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American Shorthair Cat vs British Shorthair Cat: What’s the Difference? (With Pictures)

Although the breed names are very similar, there are distinct differences between the American Shorthair and the British Shorthair. The British Shorthair is a devoted and loving cat but they don’t tend to be a lap cat, preferring to be the ones that initiate contact and content to stay in the background. They don’t tend to be silly or dramatic, and they make good house pets. They do not usually require much exercise, either.

The American Shorthair is often considered more of a working cat than a house cat. They can control a mouse or rat population effectively and, although they can get on with other house pets, they may pose a threat to mice, hamsters, and other small critters. The American Shorthair can be left alone for quite long periods without the need for human attention. This makes them a good choice for owners that go out to work all day.

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Visual Differences

american vs british shorthair

At a Glance

American Shorthair Cat
  • Average height (adult): 8–10 inches
  • Average weight (adult): 10-15 pounds
  • Lifespan: 15-20 years
  • Exercise: Medium
  • Grooming needs: Minimal
  • Family-friendly: Yes
  • Other pet-friendly: Mostly
  • Trainability: Calm and capable of learning
British Shorthair Cat
  • Average height (adult): 12-14 inches
  • Average weight (adult): 7-17 pounds
  • Lifespan: 14-18 years
  • Exercise: Medium
  • Grooming needs: Minimal
  • Family-friendly: Yes
  • Other pet-friendly: Usually
  • Trainability: Intelligent, likes to be occupied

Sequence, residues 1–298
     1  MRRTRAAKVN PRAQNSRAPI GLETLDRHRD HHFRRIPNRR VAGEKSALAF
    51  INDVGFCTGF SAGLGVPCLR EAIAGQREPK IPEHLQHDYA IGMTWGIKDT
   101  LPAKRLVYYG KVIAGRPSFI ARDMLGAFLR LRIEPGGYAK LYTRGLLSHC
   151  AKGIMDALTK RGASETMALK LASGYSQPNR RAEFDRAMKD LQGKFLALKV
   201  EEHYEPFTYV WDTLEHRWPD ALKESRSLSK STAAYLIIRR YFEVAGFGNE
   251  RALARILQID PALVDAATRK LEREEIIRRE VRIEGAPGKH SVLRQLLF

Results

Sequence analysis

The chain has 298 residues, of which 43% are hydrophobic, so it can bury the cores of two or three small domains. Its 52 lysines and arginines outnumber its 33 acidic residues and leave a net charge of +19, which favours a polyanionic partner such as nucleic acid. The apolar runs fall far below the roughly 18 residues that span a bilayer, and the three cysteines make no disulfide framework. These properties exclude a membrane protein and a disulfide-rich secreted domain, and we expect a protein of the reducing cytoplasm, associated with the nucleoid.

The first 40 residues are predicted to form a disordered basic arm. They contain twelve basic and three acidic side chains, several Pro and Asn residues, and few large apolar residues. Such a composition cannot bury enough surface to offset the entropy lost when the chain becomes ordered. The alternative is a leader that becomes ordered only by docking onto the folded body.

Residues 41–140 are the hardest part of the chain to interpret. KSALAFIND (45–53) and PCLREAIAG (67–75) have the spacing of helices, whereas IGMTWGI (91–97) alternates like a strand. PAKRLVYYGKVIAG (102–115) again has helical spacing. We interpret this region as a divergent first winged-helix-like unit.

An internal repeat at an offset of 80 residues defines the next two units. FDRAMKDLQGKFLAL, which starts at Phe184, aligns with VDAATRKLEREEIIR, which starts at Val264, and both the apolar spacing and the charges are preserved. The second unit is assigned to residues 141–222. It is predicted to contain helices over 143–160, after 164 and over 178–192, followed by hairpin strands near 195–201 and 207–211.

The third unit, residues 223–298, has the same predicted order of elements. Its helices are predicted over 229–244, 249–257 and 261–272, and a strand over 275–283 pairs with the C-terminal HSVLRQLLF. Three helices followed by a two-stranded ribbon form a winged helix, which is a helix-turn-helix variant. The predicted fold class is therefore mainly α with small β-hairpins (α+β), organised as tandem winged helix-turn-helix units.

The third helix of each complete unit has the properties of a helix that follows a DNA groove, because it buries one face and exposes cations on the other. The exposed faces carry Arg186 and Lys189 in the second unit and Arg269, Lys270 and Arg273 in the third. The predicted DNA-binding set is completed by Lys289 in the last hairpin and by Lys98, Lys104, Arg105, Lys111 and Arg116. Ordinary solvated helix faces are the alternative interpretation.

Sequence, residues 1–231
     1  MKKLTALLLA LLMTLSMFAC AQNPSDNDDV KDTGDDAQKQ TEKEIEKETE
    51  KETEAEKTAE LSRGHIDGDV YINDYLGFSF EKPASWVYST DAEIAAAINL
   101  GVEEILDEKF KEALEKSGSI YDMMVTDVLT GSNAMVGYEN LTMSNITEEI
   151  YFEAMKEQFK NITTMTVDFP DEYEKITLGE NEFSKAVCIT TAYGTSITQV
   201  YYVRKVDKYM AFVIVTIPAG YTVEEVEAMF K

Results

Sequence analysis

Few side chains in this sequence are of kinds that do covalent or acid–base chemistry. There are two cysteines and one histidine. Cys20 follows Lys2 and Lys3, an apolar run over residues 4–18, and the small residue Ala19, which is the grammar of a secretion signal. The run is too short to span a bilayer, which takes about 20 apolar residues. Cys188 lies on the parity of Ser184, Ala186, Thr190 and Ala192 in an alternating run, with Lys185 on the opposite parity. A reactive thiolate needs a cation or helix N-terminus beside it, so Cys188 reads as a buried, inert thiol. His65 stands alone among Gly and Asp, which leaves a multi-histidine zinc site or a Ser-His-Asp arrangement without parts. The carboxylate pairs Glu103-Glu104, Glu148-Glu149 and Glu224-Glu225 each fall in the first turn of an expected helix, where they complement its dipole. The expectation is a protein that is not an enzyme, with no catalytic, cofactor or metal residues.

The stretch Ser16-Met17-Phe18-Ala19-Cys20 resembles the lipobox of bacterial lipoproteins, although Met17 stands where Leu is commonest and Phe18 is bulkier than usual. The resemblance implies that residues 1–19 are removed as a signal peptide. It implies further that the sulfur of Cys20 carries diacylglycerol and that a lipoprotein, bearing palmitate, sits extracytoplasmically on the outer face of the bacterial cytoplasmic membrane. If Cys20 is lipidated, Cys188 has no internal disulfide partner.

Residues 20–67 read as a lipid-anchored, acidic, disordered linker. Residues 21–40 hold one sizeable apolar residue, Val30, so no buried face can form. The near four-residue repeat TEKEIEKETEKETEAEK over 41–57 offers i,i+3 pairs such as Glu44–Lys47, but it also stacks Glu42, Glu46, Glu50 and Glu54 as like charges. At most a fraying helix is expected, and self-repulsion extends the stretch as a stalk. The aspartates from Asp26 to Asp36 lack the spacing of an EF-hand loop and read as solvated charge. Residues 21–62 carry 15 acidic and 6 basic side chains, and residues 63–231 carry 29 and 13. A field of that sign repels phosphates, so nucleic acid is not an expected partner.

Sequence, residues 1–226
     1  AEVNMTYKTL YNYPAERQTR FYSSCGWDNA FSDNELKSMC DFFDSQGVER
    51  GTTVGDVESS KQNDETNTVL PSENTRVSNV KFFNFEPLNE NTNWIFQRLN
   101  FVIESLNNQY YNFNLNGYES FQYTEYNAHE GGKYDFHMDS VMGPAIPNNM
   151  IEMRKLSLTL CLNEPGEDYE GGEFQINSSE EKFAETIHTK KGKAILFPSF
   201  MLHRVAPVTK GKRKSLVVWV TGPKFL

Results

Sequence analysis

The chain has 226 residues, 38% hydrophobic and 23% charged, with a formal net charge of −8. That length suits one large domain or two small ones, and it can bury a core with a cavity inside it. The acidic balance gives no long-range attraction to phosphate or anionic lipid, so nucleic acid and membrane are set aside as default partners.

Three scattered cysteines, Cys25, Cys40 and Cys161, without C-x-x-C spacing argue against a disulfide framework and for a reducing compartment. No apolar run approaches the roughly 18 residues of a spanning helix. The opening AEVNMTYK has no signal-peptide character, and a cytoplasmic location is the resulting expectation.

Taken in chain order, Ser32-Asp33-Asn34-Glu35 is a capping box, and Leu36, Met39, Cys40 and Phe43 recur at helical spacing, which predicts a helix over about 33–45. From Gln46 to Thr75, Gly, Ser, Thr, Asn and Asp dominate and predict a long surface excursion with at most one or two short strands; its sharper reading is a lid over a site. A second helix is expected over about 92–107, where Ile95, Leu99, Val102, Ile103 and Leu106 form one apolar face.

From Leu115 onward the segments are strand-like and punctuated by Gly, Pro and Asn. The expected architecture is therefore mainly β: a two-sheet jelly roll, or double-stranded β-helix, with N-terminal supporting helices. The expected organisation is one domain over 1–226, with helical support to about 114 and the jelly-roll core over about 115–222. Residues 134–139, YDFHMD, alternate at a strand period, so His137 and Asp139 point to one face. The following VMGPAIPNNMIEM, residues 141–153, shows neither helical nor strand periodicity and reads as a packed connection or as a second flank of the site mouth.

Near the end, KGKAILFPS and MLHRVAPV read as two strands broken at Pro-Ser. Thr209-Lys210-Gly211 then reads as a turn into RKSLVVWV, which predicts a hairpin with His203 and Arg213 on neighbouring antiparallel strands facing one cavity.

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American Shorthair Cat Overview

American Shorthair
Image Credit By: CC0 Public Domain, pxhere

The American Shorthair cat is considered a medium breed, but she is muscular and strong and has a rounded appearance. Her appearance stems from the fact that she was originally used to keep mice and rats out of houses and other buildings. Her dense coat becomes thicker during winter, another nod to a history that would have seen her spending a lot of time outdoors and in cold cellars and warehouses.

The American Shorthair likely originates from European cats that would have been brought over to the United States, initially protecting grain and food on ships, and then performing the same task in cellars and homes. The first recorded breeding of this breed took place in 1904 and the British Shorthair, called a Domestic Shorthair at the time, was listed as one of the parent breeds.

Personality/Character

The American Shorthair is a friendly and pleasant cat. She makes a good companion and is easy going and placid. She doesn’t do drama, but it is important to remember that she was bred to control vermin rodent populations, so she will have a keen interest in any small pets in your home. She does enjoy playing, although she won’t demand it all day long, and she will often play by herself when no human parent is around. She can be left for several hours at a time while you go out to work or are away from the house for any other reason.

Although friendly and moderately affectionate, the American Shorthair is not overly needy. Your Shorthair may want to spend some time on your lap but will be just as happy laying in the sun in the same room as you.

Health & Care

The breed is known for being hardy and healthy, and they have a long lifespan of around 20 years. She will need regular brushing, but her coat is not especially prone to matting or knotting. The breed may be prone to joint dysplasia and hypertrophic cardiomyopathy, which is the most common feline heart complaint and sees the heart muscle to enlarge. Possibly the biggest health problem that needs to be monitored with this breed is its weight. In particular, you will need to ensure that the American Shorthair gets adequate exercise to retain a healthy weight.